Another article by Forbes Health indicates that, due to a Wegovy shortage, people began using Ozempic off-label for weight loss reasons. It is important to note that the FDA only approved it for the treatment of diabetes only, not as a weight loss medication. Ozempic has its own side effects, and it isn't safe for all people to use. As well, Ozempic shouldn't be used for short-term weight loss.

In all, there are numerous perspectives on whether or not Ozempic is safe for weight loss, and in all honesty, it depends on the reasons the individual is taking it. I don't think this statement can be labeled as true or false.

Can't be true or false (Opinion, poem, etc.)
by Novice (870 points)
Very nice factcheck! I appreciate the repetition of mentioning that the FDA has only approved it for type 2 diabetes. It is very important for patients to have informed consent, and I hope doctors are thoroughly explaining these factors before prescribing the medication. Reliable sources, thorough background, great job!
by Novice (750 points)
This is a quality fact check. Using a reliable source such as UC Davis health was helpful to prove this point. It was important that you found this claim to be more opinion based as well. Overall a great job!
by Novice (920 points)
This is a great fat check. I appreciate how you look to UC Davis Health and Forbes Health to better understand the effects ozempic, especially when it is taken and is not needed for diabetes. I also appreciate how you address the controversy surrounding Ozempic, and how it is different for each individual. You state that ozempic is FDA approved for type 2 diabetes, but not for weight-loss. However, you do not cite any information from the FDA, only other outside sources. One thing that I think would improve your fact-check would be to pull from other sources, like the FDA or the research studies surrounding ozempic. Adding these sources would add scientific research and backing to the claim, making your fact-check more valid.
by Novice (740 points)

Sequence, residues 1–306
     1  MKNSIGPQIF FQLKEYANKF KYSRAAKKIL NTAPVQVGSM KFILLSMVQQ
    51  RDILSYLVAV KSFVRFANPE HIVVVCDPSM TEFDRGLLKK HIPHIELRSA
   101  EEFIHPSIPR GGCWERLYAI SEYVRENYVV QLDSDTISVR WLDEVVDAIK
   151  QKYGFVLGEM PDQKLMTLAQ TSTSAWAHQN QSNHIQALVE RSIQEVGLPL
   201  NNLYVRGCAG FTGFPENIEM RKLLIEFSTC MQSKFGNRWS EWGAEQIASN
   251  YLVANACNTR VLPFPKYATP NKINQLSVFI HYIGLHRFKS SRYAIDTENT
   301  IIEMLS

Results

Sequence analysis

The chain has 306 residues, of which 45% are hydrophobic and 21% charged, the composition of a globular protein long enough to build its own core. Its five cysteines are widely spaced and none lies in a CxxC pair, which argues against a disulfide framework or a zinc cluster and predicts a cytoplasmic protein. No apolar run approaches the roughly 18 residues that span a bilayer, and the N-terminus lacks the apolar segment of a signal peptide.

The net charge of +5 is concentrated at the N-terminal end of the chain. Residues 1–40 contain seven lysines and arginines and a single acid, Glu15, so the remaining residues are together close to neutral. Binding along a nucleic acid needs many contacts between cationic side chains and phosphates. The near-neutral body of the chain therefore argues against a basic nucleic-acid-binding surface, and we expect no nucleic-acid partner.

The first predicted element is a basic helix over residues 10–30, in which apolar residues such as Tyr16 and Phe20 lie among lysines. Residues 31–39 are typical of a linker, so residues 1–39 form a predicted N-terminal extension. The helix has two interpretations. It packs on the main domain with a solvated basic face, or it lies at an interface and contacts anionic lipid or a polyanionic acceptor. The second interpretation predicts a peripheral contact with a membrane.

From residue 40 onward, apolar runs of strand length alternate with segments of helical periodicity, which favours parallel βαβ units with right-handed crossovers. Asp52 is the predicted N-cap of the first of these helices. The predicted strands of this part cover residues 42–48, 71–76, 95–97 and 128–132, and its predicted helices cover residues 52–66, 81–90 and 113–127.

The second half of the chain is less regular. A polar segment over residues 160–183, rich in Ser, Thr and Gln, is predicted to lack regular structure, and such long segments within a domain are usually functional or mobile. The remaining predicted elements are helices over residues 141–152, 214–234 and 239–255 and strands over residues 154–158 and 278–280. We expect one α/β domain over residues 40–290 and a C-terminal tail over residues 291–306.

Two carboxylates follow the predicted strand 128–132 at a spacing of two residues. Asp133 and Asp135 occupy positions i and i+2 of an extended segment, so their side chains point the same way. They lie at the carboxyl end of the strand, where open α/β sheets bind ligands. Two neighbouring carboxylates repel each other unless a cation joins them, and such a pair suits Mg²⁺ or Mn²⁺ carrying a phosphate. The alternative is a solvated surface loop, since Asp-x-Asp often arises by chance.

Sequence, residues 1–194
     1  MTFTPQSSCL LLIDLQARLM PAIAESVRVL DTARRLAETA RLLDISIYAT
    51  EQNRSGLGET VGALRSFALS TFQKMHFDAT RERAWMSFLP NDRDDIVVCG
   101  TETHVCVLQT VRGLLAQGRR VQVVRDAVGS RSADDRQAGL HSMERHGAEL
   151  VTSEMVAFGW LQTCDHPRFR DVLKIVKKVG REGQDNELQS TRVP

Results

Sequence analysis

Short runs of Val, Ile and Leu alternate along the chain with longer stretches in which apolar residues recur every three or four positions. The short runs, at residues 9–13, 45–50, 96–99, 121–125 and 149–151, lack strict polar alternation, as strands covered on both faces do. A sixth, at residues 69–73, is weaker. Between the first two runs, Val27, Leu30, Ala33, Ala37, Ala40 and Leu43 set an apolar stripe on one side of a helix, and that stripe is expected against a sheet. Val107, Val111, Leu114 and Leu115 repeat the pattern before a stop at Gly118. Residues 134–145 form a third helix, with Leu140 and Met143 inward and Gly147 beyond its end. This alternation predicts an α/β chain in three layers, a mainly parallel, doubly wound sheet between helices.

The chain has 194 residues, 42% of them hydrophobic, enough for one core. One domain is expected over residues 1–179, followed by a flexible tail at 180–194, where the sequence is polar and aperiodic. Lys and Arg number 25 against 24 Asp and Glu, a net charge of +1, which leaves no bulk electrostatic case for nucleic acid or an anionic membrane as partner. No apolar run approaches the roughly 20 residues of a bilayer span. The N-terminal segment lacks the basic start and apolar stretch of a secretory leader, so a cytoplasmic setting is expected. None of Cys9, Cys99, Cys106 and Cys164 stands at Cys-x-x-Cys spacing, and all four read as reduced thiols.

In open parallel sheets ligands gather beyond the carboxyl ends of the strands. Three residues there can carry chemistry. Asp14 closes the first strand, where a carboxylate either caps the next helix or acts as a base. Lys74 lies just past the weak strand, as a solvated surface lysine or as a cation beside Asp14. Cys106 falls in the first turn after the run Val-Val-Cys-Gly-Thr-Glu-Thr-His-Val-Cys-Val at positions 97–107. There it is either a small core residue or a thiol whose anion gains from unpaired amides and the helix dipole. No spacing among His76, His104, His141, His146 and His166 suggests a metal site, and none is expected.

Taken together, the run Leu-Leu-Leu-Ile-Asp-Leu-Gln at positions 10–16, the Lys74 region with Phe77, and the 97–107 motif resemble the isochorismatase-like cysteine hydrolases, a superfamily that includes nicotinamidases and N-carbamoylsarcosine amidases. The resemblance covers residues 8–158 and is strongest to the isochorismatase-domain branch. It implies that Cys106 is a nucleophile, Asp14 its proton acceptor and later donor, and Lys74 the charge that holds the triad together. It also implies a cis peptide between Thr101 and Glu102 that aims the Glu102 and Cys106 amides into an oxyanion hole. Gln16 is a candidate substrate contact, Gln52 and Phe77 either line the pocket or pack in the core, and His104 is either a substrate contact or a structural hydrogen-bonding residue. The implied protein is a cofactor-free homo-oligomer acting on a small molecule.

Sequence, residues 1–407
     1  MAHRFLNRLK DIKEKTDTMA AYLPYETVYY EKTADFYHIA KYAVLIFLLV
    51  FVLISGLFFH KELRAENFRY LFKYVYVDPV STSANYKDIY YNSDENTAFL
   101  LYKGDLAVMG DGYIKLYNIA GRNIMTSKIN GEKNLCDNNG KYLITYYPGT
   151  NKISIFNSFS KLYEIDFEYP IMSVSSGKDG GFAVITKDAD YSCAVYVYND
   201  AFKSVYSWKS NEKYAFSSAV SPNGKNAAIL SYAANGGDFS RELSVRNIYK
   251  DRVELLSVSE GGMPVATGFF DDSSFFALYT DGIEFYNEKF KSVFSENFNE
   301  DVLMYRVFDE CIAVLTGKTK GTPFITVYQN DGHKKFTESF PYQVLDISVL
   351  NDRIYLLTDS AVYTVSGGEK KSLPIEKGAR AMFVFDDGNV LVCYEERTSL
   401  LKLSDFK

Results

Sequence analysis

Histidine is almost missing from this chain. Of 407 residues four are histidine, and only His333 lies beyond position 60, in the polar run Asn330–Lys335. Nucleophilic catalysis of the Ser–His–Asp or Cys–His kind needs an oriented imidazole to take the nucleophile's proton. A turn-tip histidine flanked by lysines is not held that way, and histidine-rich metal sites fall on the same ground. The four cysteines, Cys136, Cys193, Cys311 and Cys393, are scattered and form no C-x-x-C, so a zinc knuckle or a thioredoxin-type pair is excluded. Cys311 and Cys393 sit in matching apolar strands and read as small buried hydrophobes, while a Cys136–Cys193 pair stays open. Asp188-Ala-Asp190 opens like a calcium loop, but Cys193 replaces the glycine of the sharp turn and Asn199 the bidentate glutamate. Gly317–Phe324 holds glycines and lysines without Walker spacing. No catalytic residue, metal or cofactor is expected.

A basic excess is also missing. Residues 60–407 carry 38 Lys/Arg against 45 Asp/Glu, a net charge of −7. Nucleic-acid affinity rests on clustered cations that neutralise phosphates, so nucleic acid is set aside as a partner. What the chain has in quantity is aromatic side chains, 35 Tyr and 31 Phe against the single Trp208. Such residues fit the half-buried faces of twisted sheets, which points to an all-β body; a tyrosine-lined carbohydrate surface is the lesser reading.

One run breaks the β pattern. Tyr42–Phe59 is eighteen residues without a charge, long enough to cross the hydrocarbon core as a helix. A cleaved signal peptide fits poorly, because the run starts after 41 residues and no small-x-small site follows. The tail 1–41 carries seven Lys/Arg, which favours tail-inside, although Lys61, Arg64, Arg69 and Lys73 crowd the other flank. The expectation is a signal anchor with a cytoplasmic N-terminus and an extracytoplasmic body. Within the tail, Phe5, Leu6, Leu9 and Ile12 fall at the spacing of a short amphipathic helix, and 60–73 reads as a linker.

This is a wonderful fact check as it really goes into depth about the issue and helps the readers understand the full extent of the topic. I appreciate that you point out that this fact check is opinionated while still providing the facts surrounding it. Good job.
by Novice (750 points)
Excellent fact-checking! Clarity is added by stating that the medicine wasn't intended for weight loss from the outset. You accurately identify the subjective nature of the claim. The FDA's acceptance of type 2 diabetes is mentioned again, which successfully underlines the idea. Patients must give their informed consent, and it matters that you bring this up. UC Davis Health is a reliable site to use. It was a wise decision to label the claim as opinion-based. All in all, excellent work!
+7 votes
by Journeyman (3.2k points)

The chemical compound in Ozempic, semaglutide, affects a hormone and reduces hunger and appetite and slows emptying of the stomach, along with its effects on blood sugar, which often leads to weight loss. However, the drug Ozempic has not been approved as a purely weight loss drug and is intended to medicate type 2 diabetes. According to Forbes, there is another drug using the same compound called Wegovy that has been approved for weight loss. Due to low availability of this drug, many people have been taking Ozempic instead. It doesn't seem like there are any dangers to taking Ozempic for weight loss, but it does make it harder for people with diabetes to access it.